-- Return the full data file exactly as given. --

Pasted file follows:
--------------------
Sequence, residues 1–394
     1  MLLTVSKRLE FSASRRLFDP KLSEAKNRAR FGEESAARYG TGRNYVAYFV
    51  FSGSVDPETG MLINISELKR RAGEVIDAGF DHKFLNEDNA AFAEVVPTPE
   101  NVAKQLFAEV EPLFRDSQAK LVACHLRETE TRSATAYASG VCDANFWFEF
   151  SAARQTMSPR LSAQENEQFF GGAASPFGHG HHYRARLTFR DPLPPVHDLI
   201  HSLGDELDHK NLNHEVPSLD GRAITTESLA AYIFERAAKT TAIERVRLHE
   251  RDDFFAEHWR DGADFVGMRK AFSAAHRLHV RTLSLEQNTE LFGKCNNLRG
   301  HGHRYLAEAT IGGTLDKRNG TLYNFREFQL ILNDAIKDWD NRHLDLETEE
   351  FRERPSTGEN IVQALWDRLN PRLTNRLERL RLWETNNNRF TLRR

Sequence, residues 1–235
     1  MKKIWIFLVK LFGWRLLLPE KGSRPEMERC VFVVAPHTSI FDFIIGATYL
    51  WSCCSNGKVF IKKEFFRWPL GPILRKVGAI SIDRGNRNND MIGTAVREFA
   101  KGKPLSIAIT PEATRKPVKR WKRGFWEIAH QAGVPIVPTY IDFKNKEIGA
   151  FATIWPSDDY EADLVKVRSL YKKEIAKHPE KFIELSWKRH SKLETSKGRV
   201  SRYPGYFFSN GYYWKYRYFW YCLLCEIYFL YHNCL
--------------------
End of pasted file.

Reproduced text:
Sequence, residues 1–394
     1  MLLTVSKRLE FSASRRLFDP KLSEAKNRAR FGEESAARYG TGRNYVAYFV
    51  FSGSVDPETG MLINISELKR RAGEVIDAGF DHKFLNEDNA AFAEVVPTPE
   101  NVAKQLFAEV EPLFRDSQAK LVACHLRETE TRSATAYASG VCDANFWFEF
   151  SAARQTMSPR LSAQENEQFF GGAASPFGHG HHYRARLTFR DPLPPVHDLI
   201  HSLGDELDHK NLNHEVPSLD GRAITTESLA AYIFERAAKT TAIERVRLHE
   251  RDDFFAEHWR DGADFVGMRK AFSAAHRLHV RTLSLEQNTE LFGKCNNLRG
   301  HGHRYLAEAT IGGTLDKRNG TLYNFREFQL ILNDAIKDWD NRHLDLETEE
   351  FRERPSTGEN IVQALWDRLN PRLTNRLERL RLWETNNNRF TLRR

Sequence, residues 1–235
     1  MKKIWIFLVK LFGWRLLLPE KGSRPEMERC VFVVAPHTSI FDFIIGATYL
    51  WSCCSNGKVF IKKEFFRWPL GPILRKVGAI SIDRGNRNND MIGTAVREFA
   101  KGKPLSIAIT PEATRKPVKR WKRGFWEIAH QAGVPIVPTY IDFKNKEIGA
   151  FATIWPSDDY EADLVKVRSL YKKEIAKHPE KFIELSWKRH SKLETSKGRV
   201  SRYPGYFFSN GYYWKYRYFW YCLLCEIYFL YHNCL